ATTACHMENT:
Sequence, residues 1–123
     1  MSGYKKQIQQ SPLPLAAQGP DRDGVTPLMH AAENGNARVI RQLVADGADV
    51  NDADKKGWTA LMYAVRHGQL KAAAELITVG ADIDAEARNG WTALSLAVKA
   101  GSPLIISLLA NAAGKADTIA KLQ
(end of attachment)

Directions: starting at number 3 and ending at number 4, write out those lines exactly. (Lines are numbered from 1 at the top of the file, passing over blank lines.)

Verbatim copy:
    51  NDADKKGWTA LMYAVRHGQL KAAAELITVG ADIDAEARNG WTALSLAVKA
   101  GSPLIISLLA NAAGKADTIA KLQ